• It’s not just about white, educated professional women. African American and Hispanic women are characterized by late diagnosis. African Americana women often have more aggressive disease than do white women and cancer itself has now overtaken heart disease as the leading cause of death in the Hispanic population. Find out what is happening in underserved communities where basic outreach still is essential. This point is missing in many awareness discussions. There are cases where lives actually DO depend on women mammograms. That doesn’t mean we stop working for better detection or fail to acknowledge the limitations of screening as a diagnostic tool.
  • Early detection isn’t everything. Some 30 percent of all breast cancer cases will metastasize. Initial staging is one factor of many impacting breast cancer survivorship. Genomic science must continue to burrow into cancer biology — triple negative and inflammatory breast cancer, reasons why some cancers are aggressive and others aren’t. As a survivor this means I have a plan that I review yearly with my internist. My health and life depend on this. I grasp that cancer can outwit our best efforts and adherence to recommended guidelines. But instead of living like there’s no tomorrow, I live as if today is the best thing that’s ever happened. Because it is.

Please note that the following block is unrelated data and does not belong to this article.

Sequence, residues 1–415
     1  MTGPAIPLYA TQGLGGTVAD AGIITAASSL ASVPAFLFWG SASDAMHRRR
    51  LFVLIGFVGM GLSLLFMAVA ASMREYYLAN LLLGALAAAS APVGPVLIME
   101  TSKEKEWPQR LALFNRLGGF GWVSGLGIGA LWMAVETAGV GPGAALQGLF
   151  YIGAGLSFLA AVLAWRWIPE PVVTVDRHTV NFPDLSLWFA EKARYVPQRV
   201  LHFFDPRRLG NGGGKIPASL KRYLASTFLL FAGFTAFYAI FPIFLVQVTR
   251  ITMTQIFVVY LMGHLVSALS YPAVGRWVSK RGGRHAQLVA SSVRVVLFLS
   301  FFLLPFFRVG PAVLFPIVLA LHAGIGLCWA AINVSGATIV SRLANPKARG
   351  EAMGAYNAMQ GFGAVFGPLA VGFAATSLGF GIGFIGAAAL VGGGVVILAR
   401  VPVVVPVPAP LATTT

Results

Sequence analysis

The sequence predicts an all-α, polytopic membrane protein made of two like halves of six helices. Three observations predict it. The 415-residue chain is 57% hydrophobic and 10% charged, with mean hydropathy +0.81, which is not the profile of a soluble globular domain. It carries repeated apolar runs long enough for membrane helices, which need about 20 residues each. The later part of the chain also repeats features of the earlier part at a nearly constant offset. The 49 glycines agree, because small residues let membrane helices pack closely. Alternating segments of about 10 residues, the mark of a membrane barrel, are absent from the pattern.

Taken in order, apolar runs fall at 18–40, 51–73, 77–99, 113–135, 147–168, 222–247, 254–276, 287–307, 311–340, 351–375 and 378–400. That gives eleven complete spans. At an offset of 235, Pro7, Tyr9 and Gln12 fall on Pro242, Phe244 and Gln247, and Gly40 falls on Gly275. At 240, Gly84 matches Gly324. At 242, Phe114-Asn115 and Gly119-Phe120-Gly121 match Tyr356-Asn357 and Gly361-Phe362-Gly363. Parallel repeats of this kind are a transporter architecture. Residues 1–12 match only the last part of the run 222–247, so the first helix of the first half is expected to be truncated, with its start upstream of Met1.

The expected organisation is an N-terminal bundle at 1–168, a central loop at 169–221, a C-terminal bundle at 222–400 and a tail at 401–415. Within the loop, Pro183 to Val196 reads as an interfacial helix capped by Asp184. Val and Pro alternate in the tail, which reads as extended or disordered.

• Stop racing for a cure. Let’s start thinking about them, instead. There isn’t a cure for breast cancer. Eventually there may be genomic analysis of your particular tumor and an individualized plan developed to eradicate it. While the oncologist’s toolkit is expanding, today’s kit will look rudimentary within another generation. The biology of breast cancer, and the mutations giving rise to cancer is, in some ways, in its infancy. Every layer of science explained reveals another layer of complexity. We cannot, must not, fritter away research dollars. One in two men and one in three women will be diagnosed with cancer over the course of their lifetime. Make your voice heard in your congressional representative’s office, and make it known repeatedly that you support the current level of funding at the National Cancer Institute.